The Outlast Trials Review – Gory Fest for Four

The Outlast Trials Review

We’ve all had the unnerving experience of watching a gory horror film or playing a gruesome game alone. Maybe in the dark, with headphones. It can be terrifying. But take that same splatter-fest and gather a group of friends, and it’s a whole different ballgame. A bunch of buddies riffing and goofing on the gore makes even the most horrific horror bearable and even fun. That’s the premise behind The Outlast Trials.

Developer Red Barrels’ Outlast games are kind of the Saw of single-player horror games: gory, explicit, and sadistic. While The Outlast Trials can be played solo, it’s really conceived as an up to four-member survival horror game. Although the single-player experience is easier in some ways, it’s also a bit more unsettling. Groups have the disadvantage of a more challenging time, but a less intensely serious one as well.

Story Lite, Violence Heavy

The end-caps narrative does little more than set the scene. As a volunteer for a scientific study, you and your friends have unwittingly become hostages to the evil Murkoff Corporation. To escape, you need to endure and survive a sequence of five “Core Program” challenge scenarios. Some story elements and antagonists come from the mainline Outlast games, but no matter. All you need to know is, things are going to get real bad, real quick.

The Trials take place over a series of beautifully designed and executed environments, like a carnival, toy factory, police station, and orphanage. In other words, the scenarios traffic in already unsettling imagery and then pile on the explicit gore, rampaging enemies, dismemberment, and torture. Each level has a large collection of minor enemies and a pair of mini-bosses that relentlessly pursue the players. One of the most tension-inducing elements of The Outlast Trials is that the enemies are whip-smart and relentless. The grunts might be easily dispatched but the Prime Asset boss is always a formidable foe.

Of course, if your squad had an arsenal of weapons, the encounters would be trivial. But you don’t have weapons. Throughout the game, you and your team find and upgrade some tools and perks like thrown explosives, traps, or heat sensors to detect enemies. A good team working together and synergizing their tools and tactics is very rewarding, but the randomized environments toss in all sorts of traps to keep everyone tense. A particularly brilliant — and frustrating — mechanic disguises an enemy as a team member, just waiting to be accidentally killed.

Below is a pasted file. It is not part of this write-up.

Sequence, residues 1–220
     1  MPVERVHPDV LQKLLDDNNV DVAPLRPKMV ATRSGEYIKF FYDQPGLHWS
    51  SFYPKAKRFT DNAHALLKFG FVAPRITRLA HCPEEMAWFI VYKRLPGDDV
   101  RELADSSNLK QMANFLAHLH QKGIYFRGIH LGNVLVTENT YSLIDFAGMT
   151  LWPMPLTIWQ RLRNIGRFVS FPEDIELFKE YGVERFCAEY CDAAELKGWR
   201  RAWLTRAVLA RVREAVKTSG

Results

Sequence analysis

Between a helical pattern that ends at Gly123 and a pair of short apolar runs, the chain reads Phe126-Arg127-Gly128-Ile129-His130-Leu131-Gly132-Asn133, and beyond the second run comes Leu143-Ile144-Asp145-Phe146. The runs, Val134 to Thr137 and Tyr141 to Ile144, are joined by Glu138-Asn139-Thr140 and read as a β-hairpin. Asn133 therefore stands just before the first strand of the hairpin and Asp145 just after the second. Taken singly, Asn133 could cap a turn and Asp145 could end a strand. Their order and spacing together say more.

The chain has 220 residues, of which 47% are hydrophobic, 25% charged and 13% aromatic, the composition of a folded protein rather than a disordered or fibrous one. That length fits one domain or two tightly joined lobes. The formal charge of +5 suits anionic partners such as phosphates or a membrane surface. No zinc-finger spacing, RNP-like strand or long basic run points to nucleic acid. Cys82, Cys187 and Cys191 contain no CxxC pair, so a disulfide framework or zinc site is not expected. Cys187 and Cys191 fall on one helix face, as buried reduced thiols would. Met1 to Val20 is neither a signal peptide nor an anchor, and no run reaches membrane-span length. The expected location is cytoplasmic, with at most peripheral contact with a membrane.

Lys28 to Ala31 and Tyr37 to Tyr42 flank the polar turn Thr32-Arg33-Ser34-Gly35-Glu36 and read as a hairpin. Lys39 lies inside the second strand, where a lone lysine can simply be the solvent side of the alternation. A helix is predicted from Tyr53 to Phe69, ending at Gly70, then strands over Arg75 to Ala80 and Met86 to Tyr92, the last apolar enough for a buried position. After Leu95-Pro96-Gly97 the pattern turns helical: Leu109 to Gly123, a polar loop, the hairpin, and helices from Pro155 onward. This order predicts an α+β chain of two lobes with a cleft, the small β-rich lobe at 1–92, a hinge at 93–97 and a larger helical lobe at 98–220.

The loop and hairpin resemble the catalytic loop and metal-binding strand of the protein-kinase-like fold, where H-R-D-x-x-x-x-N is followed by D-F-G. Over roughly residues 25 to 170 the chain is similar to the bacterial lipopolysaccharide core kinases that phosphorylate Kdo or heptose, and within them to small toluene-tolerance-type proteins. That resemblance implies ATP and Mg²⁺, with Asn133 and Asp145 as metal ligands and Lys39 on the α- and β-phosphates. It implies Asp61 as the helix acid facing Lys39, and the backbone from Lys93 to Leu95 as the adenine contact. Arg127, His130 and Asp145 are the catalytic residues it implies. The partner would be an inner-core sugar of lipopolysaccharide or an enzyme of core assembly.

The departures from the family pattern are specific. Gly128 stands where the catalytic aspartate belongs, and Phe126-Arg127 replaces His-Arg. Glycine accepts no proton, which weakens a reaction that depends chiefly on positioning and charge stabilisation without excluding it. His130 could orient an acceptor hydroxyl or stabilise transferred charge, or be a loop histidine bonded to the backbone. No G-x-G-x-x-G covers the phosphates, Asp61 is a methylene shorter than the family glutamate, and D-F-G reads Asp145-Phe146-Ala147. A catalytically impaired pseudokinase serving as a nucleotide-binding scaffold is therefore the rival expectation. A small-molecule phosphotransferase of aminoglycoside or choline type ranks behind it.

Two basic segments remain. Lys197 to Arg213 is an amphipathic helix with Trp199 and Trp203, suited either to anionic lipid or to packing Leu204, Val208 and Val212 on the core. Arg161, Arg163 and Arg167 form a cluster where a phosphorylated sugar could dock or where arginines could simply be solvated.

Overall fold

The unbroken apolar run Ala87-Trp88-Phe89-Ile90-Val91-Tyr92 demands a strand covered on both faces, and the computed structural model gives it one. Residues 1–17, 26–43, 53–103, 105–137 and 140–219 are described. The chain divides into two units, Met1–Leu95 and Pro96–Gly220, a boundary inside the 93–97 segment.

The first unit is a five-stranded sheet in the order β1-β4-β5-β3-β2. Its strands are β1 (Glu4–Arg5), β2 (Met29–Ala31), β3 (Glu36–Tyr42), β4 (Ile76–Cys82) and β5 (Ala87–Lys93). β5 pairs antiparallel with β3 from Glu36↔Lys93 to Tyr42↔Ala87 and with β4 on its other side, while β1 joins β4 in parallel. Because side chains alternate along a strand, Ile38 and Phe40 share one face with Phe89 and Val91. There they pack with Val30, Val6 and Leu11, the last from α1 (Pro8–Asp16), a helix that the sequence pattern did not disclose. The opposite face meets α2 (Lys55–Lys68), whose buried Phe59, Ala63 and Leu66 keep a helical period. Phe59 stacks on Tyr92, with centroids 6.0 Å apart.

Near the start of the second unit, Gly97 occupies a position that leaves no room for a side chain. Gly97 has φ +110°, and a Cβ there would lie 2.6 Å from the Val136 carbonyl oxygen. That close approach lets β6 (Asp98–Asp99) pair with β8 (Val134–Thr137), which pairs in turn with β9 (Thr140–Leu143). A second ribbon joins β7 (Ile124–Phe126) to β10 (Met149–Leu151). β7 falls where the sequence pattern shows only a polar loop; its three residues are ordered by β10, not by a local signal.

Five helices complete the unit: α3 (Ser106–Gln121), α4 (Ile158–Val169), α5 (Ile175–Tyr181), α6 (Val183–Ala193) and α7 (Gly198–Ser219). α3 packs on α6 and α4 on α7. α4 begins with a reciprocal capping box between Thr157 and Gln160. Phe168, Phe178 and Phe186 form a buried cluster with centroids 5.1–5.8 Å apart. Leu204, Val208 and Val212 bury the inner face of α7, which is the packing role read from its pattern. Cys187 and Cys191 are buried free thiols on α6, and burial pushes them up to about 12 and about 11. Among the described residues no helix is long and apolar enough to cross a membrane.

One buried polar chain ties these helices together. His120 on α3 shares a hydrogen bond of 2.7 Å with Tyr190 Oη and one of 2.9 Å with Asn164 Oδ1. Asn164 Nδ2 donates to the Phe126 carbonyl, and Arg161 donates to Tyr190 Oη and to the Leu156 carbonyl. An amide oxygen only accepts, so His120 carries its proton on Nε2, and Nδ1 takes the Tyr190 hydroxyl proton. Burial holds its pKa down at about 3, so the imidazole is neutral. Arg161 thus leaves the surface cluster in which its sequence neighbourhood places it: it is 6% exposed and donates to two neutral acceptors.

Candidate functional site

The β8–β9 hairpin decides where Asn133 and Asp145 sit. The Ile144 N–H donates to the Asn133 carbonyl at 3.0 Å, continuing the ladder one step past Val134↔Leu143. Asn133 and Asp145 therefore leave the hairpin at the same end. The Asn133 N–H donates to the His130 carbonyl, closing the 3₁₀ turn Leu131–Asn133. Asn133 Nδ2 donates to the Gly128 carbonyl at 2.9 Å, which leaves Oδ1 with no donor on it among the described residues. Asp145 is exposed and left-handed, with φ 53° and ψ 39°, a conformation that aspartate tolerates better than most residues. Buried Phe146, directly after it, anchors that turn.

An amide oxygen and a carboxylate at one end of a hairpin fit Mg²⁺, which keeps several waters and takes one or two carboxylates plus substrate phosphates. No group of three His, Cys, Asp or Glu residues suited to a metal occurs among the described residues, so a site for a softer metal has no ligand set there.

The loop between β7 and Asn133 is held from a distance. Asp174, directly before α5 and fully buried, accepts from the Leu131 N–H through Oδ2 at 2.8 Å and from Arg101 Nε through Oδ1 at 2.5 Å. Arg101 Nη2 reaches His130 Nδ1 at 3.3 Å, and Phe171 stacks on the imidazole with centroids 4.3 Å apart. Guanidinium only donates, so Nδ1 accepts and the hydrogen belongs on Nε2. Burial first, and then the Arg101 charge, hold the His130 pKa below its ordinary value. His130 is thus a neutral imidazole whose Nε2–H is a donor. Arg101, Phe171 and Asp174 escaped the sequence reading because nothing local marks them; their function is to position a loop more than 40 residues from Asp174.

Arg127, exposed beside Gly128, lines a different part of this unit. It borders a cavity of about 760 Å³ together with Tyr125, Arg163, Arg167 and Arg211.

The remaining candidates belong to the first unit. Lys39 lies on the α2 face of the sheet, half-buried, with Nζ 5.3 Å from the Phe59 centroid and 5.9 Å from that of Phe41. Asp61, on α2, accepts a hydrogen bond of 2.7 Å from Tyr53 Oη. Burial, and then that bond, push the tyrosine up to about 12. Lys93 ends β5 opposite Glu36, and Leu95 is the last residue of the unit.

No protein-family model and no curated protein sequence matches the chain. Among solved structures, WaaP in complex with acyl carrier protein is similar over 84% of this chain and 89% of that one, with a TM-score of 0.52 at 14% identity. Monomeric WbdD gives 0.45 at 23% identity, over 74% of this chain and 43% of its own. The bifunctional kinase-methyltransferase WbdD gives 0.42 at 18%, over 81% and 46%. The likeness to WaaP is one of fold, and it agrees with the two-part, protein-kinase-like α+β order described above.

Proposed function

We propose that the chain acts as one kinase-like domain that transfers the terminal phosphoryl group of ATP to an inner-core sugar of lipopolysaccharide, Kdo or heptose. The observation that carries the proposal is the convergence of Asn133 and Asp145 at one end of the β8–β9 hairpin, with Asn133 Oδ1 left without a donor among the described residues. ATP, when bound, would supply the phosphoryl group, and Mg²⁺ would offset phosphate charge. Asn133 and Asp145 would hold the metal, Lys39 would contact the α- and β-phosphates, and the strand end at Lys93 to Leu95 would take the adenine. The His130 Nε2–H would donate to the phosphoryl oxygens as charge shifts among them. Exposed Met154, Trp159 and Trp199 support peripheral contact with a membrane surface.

The Question of Staying Power 

To keep players invested after a successful run, The Outlast Trials does its best to mix things up for repeated plays. There’s plenty of character customization, and each iteration of the levels is randomized in terms of loot and enemies. In addition, there are weekly challenges that include modifiers that increase enemy difficulty, drop new items or perks, or strip players down to the gear essentials. However, the five stages don’t change. In this sense, the game can get a little stale. The Outlast Trials seems absolutely perfectly positioned for a steady drip of new levels or DLC.

While it’s hard to take The Outlast Trials’ extreme imagery too seriously, that doesn’t mitigate the fact that it does explore some really, really dark themes. Whether played for laughs or not — and by and large, it is — dismemberment, torture, sadomasochism, and gratuitous violence might not float everyone’s boat. On the other hand, anyone coming to The Outlast Trials from the Outlast games probably has at least some idea of what they’re in for.

Visually, they’re in for a treat, though predicated on the assumption that bubbling tanks of human hearts or recreated crucifixions can be artistic. Levels are effectively lit and extremely detailed. The musical score by Tom Salta does its share to amp up the terror by a factor of ten. The environmental audio is precise.

Acquired Dis-Taste

Although it can be played solo, surviving The Outlast Trials is better and more fun with friends, although they’ll need pretty strong stomachs and a taste for extreme imagery. The Outlast Trials has strong survival puzzle mechanics, a good bit of macabre humor, and a confidently over-the-top presentation. It’ll need some additional content over time for real longevity, but the foundation is strong.

***Xbox Series X code provided by the publishers for review***

The Good

  • Fun group mechanics
  • Excellent level design
  • Gruesome and terrifying
  • Effective sound and music

The Bad

  • May be too extreme for many
  • Limited level variety
  • Not as fun for solo players